Thursday, June 24, 2010

Civil Service Commission (CSC) memorandum on LGBT applicants

It is very heartwarming to note that the 110-year old Civil Service Commission (CSC) of the Philippines made history in late May when it became the first government agency to acknowledge Lesbian Gay Bisexual and Transgender (LGBT) Filipinos particularly those who apply for the Civil Service Examination and explicitly ban any form of discrimination in the handling, verifying and processing of their applications based on gender identity and sexual orientation. The internal memo circulated through all 15 regional offices of the CSC and cascaded to the more than 1 million employees of the Commission can be viewed here.

Certainly this memo is ground-breaking and deserves all the praise it can get. It is not only a step in the right direction in the government's promotion of gender equality but as well as of human rights. In a nutshell, the memo affirms the Constitutional principle that all people deserve equal protection in law including in the access of public services. LGBT applicants of the Civil Service exam must then be treated, like any other applicants, with utmost respect and dignity.

The common stereotype of government employees is that they are rude and disrespectful, lazy and corruptible and in my many dealings with various government offices, I have met so many government workers who filled this bill perfectly. At the Professional Regulation Commission (PRC), for example, when I was applying for the Licensure Examination for Teachers (LET), I witnessed a PRC employee put a sign saying CLOSED at her glass window from the inside of an air-conditioned office at the middle of the afternoon and made so many poor applicants wait in long, crowded and cramped lines so she could eat her afternoon snack in full view of everyone for the next half hour. Most waiting areas in government offices do not have air conditioning and it was not lost on us that while she ate her snack lazily, she was also wasting paid government time comfortably. She looked like one of those more mature PRC employees and I figured that the only reason why she had the gall to take such liberties was because she was probably protected by tenure.

Many LGBT people I'm sure have their own share of horror stories in dealing with government agencies--from unwanted remarks to humiliating treatment. It is good to know that the CSC, in its pursuit of professionalizing our public personnel, is taking steps to ensure the dignified treatment of LGBT applicants of the Civil Service exam. I hope that the CSC will not only stop at this memo but also take concrete steps in educating its rank and file so they could truly deepen their understanding of LGBT issues.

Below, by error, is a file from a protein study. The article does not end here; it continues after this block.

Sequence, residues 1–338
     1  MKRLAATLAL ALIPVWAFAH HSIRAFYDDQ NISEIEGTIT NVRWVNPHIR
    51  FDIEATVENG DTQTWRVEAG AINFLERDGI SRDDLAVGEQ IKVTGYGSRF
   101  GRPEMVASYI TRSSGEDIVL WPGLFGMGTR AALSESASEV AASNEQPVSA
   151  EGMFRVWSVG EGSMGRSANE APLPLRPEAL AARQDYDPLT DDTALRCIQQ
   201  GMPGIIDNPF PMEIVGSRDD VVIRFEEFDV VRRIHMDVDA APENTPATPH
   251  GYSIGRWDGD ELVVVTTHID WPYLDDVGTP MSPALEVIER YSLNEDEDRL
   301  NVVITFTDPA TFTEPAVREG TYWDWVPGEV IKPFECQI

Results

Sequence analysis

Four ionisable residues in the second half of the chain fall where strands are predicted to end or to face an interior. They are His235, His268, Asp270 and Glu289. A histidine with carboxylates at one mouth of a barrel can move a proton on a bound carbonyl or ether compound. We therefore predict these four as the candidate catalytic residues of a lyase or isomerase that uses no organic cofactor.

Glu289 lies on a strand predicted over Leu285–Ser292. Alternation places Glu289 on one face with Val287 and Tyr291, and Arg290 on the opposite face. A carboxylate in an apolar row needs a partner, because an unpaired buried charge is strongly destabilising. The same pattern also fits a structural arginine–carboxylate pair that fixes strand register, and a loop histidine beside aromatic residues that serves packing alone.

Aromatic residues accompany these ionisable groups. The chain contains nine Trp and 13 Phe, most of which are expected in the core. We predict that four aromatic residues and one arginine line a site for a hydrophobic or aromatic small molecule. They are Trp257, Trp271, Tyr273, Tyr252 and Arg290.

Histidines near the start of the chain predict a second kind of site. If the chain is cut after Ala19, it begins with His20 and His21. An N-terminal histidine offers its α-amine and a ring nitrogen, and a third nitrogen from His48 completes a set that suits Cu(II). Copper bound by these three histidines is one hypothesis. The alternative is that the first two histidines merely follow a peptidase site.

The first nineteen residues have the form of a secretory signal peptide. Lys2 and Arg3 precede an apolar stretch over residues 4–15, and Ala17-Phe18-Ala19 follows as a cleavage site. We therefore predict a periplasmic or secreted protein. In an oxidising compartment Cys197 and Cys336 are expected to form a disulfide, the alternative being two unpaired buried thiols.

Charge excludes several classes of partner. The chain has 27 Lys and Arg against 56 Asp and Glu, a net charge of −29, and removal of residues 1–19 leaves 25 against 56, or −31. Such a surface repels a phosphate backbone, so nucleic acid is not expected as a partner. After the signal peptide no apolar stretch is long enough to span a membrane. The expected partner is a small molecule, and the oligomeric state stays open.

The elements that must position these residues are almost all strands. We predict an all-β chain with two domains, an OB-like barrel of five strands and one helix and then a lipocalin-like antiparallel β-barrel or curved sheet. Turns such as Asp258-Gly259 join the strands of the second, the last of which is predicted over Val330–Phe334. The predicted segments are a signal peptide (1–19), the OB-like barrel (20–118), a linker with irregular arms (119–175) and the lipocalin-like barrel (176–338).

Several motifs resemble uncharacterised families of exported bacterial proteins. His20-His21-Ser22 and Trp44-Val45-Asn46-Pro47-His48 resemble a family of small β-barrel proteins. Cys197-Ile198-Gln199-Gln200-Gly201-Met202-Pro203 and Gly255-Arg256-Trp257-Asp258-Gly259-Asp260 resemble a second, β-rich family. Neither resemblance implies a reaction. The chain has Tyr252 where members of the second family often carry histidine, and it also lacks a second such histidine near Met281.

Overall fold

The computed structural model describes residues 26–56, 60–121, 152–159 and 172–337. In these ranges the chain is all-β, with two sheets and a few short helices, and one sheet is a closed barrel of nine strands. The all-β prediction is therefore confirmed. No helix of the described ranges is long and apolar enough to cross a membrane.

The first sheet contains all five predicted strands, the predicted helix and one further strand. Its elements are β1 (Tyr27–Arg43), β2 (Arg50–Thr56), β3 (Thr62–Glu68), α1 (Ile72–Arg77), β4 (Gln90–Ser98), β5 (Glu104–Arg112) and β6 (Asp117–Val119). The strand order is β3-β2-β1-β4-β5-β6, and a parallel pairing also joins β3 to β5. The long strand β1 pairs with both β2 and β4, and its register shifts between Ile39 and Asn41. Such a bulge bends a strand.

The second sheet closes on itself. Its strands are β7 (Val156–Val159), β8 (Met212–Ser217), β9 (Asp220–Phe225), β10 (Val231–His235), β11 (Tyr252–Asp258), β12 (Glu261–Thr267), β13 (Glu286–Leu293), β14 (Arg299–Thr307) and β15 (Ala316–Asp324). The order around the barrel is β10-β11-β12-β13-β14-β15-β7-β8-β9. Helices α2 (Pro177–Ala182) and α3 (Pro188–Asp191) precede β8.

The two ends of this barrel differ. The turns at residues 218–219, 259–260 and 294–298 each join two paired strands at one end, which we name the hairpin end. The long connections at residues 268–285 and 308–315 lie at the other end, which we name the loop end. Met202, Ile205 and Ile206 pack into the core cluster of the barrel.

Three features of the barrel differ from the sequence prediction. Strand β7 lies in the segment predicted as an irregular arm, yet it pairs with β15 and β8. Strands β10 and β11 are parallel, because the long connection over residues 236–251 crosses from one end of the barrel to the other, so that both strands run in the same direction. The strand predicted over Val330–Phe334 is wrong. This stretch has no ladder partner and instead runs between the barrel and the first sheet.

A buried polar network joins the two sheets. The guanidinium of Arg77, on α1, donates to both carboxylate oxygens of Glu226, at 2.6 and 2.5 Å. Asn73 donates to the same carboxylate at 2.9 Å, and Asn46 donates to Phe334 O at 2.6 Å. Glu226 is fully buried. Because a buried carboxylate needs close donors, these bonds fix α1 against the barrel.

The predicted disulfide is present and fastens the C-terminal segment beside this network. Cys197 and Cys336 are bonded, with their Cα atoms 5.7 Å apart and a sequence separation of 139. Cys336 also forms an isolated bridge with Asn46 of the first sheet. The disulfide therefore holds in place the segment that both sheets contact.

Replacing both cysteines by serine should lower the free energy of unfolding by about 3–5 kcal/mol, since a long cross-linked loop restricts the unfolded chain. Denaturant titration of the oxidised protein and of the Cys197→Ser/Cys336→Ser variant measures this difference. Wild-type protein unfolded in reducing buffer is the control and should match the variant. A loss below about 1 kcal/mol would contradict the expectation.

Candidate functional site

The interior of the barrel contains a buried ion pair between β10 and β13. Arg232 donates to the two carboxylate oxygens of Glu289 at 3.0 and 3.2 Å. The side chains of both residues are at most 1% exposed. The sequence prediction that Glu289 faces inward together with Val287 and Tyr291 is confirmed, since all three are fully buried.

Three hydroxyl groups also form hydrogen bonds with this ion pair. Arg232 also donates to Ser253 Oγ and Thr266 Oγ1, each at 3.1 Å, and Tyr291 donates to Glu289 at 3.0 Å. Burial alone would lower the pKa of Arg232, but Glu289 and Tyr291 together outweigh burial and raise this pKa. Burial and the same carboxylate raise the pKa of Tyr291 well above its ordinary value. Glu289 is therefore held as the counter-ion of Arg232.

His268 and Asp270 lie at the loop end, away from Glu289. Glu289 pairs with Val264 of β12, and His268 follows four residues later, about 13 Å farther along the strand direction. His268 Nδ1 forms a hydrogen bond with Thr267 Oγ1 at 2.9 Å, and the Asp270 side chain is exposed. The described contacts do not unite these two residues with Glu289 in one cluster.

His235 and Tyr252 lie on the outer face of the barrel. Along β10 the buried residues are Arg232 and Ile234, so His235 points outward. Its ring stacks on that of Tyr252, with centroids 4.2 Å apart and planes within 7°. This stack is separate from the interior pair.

I take only one issue regarding this memo and that is its reliance on physical appearance as an indicator of sexual orientation and gender identity. This may lead to embarrassing situations where a CSC handler might think that an applicant is LGBT based on stereotyped notions but turn out otherwise. I also do not know how they will keep a running tally of LGBT Civil Service exam applicants unless they will ask people outright about their sexual orientation and gender identity. In that case, that would be violating applicants' right to privacy.

I also do not see any problems about applicants not matching the picture in their application forms. Most government applications require you to submit a recent picture. I think the memo was trying to refer to the mismatch of the applicants' appearance to the indicated sex or name in the application form--a clear reference to transgender people. Because we still have to indicate our legal names and sex in government applications, many transpinoys and transpinays do encounter some unwelcome remarks in cases where they have to present legal documents. In my case, for example, when I pass by Immigration at the airport, I have encountered male customs officials who would say "I thought you were really a girl!" or "You fooled me for a moment!" This has changed through the years thankfully and now I never hear anyone make such comments anymore.

But my point is, transgender Filipinos are still at a disadvantage when it comes to legal documents. Although this CSC memo does not allow us to identify as the gender we present in our application nor use the name we prefer, at least it protects us from potential rude treatment. I am not sure though if the process outlined in the memo makes thing easier or harder for transgender applicants of the Civil Service exam. It is something that we have yet to see.

Still I am glad that efforts like this are being undertaken by government offices, which highlights the need for the TLBG community here to do more in terms of engaging with government agencies because while there are well-meaning, upright civil servants in government who will try to do their best in delivering quality service to the majority of Filipinos who come through their offices, there are also a number of government officials who have relied on conservative and fundamentalist beliefs about gender and sexuality at the expense of the GLBT community. Thus, BTLG activists will be best served if they remain vigilant and really proactively engage more government institutions in the future.

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